Lifespan behind on financial goals; capital improvements to come

LIFESPAN CORP. posted a $4.6 million operating income in the second quarter of 2024, but the state’s largest health system has some work to do, says Chief Financial Officer Peter Markell. Pictured is Rhode Island Hospital, which is operated by Lifespan. / COURTESY RHODE ISLAND HOSPITAL

PROVIDENCE – Lifespan Corp. posted a $4.6 million operating income in the second quarter of 2024, but the state’s largest health system has some work to do, says Chief Financial Officer Peter Markell.

The positive operating income marks improvement over last year’s $3.7 million loss and was largely attributed to out-of-period and one-time, or unusual, items.

The one-time items totaled $71.2 million throughout the first six months of 2024 and include: $27.8 million in Federal Emergency Management Agency funds throughout the first two quarters of fiscal 2024, compared with $9.7 million in the same period last year; $34.8 million in patient service revenue related to the final 340(b) settlement, which the Centers for Medicare & Medicaid Services issued a ruling for on Nov. 2; and $8.6 million from a change in the Disproportionate Share Model that affected last year.

Markell expects to receive some more FEMA funds, but the items are not expected to repeat.

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While the state-directed payments are an ongoing program, they are identified as a one-time item to account for revenue that was generated and not recognized in the last quarter of 2023 when the program was approved. Now the health system will be recognizing revenue from the program on a quarterly basis as it’s expected to continue, Markell said.

Without these one-time items, Lifespan would have reported an $11.2 million operating loss through the first two quarters of 2024, compared with a $16.9 million loss in the same period last year, Markell said.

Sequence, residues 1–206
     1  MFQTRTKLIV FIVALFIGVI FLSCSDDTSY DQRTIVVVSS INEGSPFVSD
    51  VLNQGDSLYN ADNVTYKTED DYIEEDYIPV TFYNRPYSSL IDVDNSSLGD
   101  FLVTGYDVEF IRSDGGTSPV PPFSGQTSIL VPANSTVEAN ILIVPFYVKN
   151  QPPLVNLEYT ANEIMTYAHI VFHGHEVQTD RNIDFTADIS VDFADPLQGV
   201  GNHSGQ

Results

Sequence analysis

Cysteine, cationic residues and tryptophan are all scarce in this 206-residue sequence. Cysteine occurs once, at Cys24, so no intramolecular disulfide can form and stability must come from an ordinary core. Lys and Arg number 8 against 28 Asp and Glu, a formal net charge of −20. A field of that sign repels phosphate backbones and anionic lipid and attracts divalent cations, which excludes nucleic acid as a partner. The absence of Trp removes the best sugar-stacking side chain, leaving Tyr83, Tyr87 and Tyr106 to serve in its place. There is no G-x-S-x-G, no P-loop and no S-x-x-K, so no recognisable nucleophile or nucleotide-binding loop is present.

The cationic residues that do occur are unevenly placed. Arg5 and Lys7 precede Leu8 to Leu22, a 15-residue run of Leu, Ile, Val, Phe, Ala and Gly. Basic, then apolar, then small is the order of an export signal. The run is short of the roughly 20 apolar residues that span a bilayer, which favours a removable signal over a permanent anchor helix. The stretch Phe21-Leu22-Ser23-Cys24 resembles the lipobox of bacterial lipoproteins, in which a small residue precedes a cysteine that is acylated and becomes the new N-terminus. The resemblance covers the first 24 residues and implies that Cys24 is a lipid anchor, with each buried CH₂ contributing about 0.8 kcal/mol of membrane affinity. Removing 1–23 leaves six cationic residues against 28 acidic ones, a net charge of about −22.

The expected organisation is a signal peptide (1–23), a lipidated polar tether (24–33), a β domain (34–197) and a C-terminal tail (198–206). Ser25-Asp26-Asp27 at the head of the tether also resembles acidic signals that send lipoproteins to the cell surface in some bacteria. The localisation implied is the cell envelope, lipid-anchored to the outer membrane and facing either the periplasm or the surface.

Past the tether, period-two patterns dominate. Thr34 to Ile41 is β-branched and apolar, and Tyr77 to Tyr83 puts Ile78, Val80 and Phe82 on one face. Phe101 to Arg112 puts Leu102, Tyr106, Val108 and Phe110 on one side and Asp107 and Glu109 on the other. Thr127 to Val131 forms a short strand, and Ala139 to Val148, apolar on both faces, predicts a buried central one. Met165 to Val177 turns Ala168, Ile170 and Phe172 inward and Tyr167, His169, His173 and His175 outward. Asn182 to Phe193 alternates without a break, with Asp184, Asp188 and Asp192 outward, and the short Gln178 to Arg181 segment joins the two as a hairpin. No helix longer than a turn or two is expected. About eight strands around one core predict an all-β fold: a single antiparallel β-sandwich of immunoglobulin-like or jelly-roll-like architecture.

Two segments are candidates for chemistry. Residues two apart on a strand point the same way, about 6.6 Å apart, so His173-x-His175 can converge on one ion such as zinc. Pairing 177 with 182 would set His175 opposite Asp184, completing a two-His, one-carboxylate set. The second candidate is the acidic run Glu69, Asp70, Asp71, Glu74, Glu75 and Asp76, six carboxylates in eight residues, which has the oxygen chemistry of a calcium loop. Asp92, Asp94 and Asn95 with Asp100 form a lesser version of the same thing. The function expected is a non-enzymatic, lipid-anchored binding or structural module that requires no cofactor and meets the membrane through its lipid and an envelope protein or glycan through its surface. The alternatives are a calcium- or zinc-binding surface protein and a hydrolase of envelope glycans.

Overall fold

Markell previously said he had hoped Lifespan would reach a 3% operating margin in 2024, but that is likely not going to happen.

“We are not where we want to be on a run-rate basis,” Markell said.

Among the challenges Markell identified were the acuity level, or case mix, for inpatient discharges, uncompensated care and denials, losses on risk-based contracts, labor spending, as well as medical and surgical supplies and drug expenses.

Through risk-based, or value-based care contracts, Lifespan shares in the deficit or surplus of the payors. Historically, Lifespan has done fairly well, but the health system has gone into a deficit in the last year because of higher utilization and more pharmaceutical drugs.

In terms of labor, Markell said Lifespan is making progress, but more work needs to be done to replace contract labor with employees.

For medical supplies and drugs, Lifespan has been part of a group purchasing organization that improves prices on supplies. Along with this, the health system is making an effort to ensure that all supplies are used efficiently and that as little as possible is wasted.

Notably, there has been a dramatic increase in the use of a variety of weight-loss drugs within employee health plans and among patients.

Also, during the quarter Lifespan issued a $300 million bond for construction and renovation of its facilities. Among the major projects is a $120 million renovation to The Miriam Hospital that would increase the number of private beds and improve emergency room efficiency. This project will not only help patients, but it will boost revenue, Markell said.

The Lifespan Finance Committee and board of directors approved the project and now a Certificate of Need will go to state regulators.

“We just feel very strongly that we have to continue to make these infrastructure improvements, whether it’s physical assets, digital assets,” Markell said. “That’s really why we need the 3% margin – so we can invest and make it a better experience for our patients, our physicians, our clinical people and all our employees.”

Lifespan also invested around $28 million into Workday, a platform that helps with capital spending and supply chain systems.

So far, the project is on time and on budget and is expected to go live in October 2025, Markell said. Implementation of the platform fully kicked off in March and it is about halfway through the design phase, after which there will be an “application configuration.”

Katie Castellani is a PBN staff writer. You may contact her at

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